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Chapter: Ophthalmology: Optic Nerve

Optic Neuritis

Optic Neuritis
Optic neuritis is an inflammation of the optic nerve that may occur within the globe (papillitis) or posterior to it (retrobulbar optic neuritis).

Optic Neuritis


Optic neuritis is an inflammation of the optic nerve that may occur within the globe (papillitis) or posterior to it (retrobulbar optic neuritis).


Optic neuritis occurs most frequently in adults between theages of 20 and 45. Women are more frequently affected than men. Twenty to forty per cent of all patients with optic neuritis develop diffuse encephalitis (multiple sclerosis).



Inflammatory processes: These include infectious diseases such as Lymedisease, malaria, and syphilis, and manifestations in the optic nerve of inflammation of the orbit, paranasal sinuses, or base of the skull.

Autoimmune disorders: These include lupus erythematosus, polychon-dritis, regional enteritis (Crohn’s disease), ulcerative colitis, nodular panarteritis, and Wegener’s granulomatosis.

Toxic damage due to agents such as methanol, lead, Myambutol (ethambu-tol hydrochloride), and chloramphenicol. In 70% of these cases, the cause isnot determined.

Retrobulbar optic neuritis.The primary causes of this disorder aredemyeli-nating diseases of the central nervous system such as diffuse encephalitis. In20% of all cases, retrobulbar optic neuritis is an isolated early symptom of dif-fuse encephalitis. However, a differential diagnosis should always also con-sider the other causes of papillitis mentioned above.


The cardinal symptomissudden loss of vision, which may occa-sionally be accompanied by fever (Uhthoff symptom). The field of vision is typically impaired by a central scotoma (Fig. 13.11b), paracentral scotomas, acentrocecal scotoma involving the macula and blind spot, and wedge-shaped visual field defects up to and including complete blindness.

Other symptoms include pain that increases in extreme positions of gazeand when pressure is applied to the globe, and reduced perception of color intensity.

Diagnostic considerations: 

Ophthalmoscopic findings inpapillitis(Fig.13.11a) include edema and hyperemia of the head of the optic nerve. This flat-tens the optic cup and obscures the margin of the optic disk. Bleeding at the margin of the optic disk may or may not be present. The elevation of the optic disk is considerably less than in papilledema.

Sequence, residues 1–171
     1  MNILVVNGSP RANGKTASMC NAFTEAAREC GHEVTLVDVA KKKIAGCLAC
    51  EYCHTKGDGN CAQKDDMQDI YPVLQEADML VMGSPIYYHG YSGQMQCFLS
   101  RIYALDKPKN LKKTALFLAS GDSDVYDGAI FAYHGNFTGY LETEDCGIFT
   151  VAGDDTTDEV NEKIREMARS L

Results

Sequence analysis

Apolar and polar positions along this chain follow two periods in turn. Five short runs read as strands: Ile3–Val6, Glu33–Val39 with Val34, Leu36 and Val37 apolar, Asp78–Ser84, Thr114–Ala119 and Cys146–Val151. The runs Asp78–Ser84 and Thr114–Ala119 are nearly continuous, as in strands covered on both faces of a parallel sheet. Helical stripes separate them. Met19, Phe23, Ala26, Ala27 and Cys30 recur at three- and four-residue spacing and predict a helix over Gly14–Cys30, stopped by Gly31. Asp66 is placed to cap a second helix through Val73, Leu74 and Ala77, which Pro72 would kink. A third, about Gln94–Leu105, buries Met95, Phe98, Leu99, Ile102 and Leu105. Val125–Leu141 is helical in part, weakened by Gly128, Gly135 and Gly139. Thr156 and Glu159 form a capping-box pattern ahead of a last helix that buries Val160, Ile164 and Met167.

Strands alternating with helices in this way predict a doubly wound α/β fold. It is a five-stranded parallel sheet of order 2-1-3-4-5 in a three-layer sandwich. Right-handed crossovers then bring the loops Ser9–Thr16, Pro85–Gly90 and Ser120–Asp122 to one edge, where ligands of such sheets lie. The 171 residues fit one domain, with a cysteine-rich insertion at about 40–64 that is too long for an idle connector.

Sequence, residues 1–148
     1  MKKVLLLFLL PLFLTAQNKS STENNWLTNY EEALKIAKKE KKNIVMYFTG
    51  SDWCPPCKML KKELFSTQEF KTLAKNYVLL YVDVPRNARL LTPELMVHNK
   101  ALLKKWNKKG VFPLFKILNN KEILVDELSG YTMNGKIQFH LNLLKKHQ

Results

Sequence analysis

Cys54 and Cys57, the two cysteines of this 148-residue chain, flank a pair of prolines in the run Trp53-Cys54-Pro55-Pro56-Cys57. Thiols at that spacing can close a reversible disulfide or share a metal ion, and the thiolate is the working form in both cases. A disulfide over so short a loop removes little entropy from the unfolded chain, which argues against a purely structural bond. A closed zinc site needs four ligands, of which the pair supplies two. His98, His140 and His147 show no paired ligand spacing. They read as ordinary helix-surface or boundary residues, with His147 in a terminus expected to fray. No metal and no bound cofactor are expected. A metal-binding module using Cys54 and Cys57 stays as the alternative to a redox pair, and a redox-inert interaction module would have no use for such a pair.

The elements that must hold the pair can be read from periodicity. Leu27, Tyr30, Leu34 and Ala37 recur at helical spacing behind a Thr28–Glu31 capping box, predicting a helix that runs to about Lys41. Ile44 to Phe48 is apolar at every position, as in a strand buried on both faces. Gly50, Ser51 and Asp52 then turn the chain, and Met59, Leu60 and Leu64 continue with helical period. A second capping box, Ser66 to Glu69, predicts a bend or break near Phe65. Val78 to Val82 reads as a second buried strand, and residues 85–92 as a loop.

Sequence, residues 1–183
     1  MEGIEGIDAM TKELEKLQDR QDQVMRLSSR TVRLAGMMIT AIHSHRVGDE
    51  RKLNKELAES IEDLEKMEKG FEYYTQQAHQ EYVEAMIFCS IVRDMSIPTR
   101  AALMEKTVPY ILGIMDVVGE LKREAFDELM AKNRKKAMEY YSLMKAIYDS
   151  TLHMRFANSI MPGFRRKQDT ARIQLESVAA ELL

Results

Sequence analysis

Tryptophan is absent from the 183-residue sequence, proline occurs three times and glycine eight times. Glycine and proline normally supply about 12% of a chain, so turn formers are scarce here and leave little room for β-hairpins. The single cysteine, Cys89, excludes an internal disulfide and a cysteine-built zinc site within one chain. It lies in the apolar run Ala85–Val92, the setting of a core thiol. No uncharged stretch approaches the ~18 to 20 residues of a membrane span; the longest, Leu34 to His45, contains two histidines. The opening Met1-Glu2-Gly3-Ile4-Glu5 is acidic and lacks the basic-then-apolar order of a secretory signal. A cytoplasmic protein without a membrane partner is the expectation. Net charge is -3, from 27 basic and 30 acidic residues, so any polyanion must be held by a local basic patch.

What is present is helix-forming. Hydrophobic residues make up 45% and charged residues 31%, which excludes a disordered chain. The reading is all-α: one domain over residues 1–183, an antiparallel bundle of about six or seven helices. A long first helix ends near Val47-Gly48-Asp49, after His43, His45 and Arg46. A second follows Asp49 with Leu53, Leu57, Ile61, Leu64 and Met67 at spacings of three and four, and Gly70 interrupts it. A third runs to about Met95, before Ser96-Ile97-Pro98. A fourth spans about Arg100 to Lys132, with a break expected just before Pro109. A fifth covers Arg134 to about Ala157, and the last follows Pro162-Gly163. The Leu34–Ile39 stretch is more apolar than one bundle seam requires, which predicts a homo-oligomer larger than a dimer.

The optic disk will appear normal in retrobulbar optic neuritis.

In retrobulbar optic neuritis, the patient sees nothing (due to a central scotoma), and the physician sees nothing (the fundus appears normal).

Other findings upon examination include an afferent pupillary defect (this isregularly encountered;, red-green color vision defect, and delayed latency in the visual evoked potential.

Differential diagnosis:

Papilledema: Initially there is no loss of function.

Ischemic optic neuropathy: The central scotoma is lacking, and patients areusually over the age of 60.


This depends on the underlying disorder. Retrobulbar opticneuritis with severe loss of vision (less than 0.1) may be treated with high doses of steroids, i.e., 1000 mg of oral prednisolone daily for three days and 1 mg of oral prednisolone per kilogram of body weight on days four through fourteen. However, this treatment only leads to more rapid restoration of vision. Final visual acuity after one year is identical with or without high-dose steroid therapy. 


This depends on the underlying disorder. Severe permanentlosses of visual acuity are possible, as are significant spontaneous improve-ments. Retrobulbar optic neuritis in diffuse encephalitis usually exhibits a strong tendency toward spontaneous improvement within four weeks without any treatment. However, discrete functional defects such as reduced visual contrast and reduced perception of color intensity will always remain. Morphologic findings always include a pale optic disk as a result of complex atrophy of the optic nerve following papillitis or partial isolated atrophy of the optic nerve following retrobulbar optic neuritis.

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